Disruptive change is underway in the HVACR industry as end users transition to new refrigerants with a lower Global Warming Potential (GWP).

This means working with flammable refrigerants and being aware of the risks associated with this new low GWP landscape including application limits and safety requirements.

For example, do you know if the refrigerant mix in your recovery cylinders is flammable or not?  According to Refrigerant Reclaim Australia (RRA) general manager, Kylie Farrelley, the organisation is already seeing higher concentrations of flammable refrigerants returned for destruction.

Farrelley said careful consideration needs to be given to the increased risk posed by flammable refrigerants throughout the entire supply chain, including recovery at end of life.

“We, as an industry, need to re-think the way used and unwanted refrigerant is handled, stored, and transported to ensure a safe transition to low GWP refrigerants,” she said.

“You may be surprised to learn how easily traditional non-flammable refrigerants can become potentially flammable mixtures when mixing refrigerants at end of life.”

This is just one of the issues to be covered by Farrelley at CCN Live 2020 where she will be joined by Refrigerant Australia executive director, Greg Picker, and the managing director of Weir Legal and Consulting Pty Ltd, Bronwyn Weir.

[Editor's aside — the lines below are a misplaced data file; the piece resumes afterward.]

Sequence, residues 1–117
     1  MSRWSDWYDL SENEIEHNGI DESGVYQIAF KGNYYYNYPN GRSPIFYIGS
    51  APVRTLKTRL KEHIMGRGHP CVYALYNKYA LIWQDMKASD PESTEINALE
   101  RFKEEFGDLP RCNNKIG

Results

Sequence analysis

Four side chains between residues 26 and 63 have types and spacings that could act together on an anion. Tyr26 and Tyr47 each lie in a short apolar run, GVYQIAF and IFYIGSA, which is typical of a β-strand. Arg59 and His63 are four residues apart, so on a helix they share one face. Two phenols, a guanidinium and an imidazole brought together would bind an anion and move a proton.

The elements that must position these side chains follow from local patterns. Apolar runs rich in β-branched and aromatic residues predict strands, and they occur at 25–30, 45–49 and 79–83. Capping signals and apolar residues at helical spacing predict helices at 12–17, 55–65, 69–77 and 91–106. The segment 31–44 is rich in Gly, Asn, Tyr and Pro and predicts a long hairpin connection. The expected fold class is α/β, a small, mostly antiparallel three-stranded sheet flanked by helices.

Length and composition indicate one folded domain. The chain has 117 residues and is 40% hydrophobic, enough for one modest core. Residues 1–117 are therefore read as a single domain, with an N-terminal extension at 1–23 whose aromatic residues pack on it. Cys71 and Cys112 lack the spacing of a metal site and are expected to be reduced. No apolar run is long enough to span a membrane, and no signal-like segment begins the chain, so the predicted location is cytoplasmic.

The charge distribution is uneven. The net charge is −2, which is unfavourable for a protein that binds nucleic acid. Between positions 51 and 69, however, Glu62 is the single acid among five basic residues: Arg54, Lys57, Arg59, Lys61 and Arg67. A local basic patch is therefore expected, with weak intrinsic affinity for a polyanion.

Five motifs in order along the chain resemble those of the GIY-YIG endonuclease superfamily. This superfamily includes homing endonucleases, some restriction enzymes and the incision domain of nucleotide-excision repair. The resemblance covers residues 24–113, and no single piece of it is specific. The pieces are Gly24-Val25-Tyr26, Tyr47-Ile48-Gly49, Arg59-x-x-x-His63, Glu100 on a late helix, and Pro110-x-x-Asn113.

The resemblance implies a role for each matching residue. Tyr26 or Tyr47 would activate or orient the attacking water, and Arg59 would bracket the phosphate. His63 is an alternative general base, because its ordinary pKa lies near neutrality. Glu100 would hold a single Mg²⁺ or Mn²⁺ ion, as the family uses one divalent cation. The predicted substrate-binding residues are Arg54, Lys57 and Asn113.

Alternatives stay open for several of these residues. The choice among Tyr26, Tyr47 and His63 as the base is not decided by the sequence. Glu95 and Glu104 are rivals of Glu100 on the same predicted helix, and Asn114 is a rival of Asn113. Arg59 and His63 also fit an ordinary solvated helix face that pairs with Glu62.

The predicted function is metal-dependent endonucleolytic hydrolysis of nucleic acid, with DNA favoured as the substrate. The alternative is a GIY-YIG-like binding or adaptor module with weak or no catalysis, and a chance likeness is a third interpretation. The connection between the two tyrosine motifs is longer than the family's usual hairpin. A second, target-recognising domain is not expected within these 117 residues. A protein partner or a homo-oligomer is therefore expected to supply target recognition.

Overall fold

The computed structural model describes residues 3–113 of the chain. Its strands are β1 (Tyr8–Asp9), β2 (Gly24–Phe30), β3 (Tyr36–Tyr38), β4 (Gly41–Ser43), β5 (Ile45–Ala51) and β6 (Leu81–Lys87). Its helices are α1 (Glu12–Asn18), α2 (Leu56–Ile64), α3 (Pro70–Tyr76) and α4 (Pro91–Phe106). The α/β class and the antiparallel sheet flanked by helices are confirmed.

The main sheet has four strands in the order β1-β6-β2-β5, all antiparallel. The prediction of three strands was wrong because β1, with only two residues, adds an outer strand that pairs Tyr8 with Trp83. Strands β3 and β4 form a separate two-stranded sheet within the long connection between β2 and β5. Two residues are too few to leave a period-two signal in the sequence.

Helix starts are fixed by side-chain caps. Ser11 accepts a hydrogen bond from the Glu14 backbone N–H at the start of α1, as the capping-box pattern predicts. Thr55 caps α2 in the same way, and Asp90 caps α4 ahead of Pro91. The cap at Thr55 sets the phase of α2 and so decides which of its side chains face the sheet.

Drawing on her regulatory expertise, Weir will present the current legislative landscape for flammable refrigerants in Australia covering every state and territory in the country.

It will be followed by a panel discussion about the need to harmonize national legislation and safety rules on the use of flammable refrigerants.

Panellists will also debate the need for mandatory training at the free virtual event.

For end users this transition to low GWP refrigerants may involve undertaking a risk assessment and checking all types of leakage from current HVACR systems.

Users need to check the location of their equipment, rate of gas leakage, the position of an ignition source, and the list goes on.

Industry groups such as the Air Conditioning, Heating and Refrigeration Institute (AHRI) have undertaken leak and ignition testing of low-GWP refrigerants in air conditioning equipment under whole room scale conditions, as well as tests to determine refrigerant leak characteristics in real-life applications.

To register for this free, virtual event - CCN Live: Game Changers - visit:


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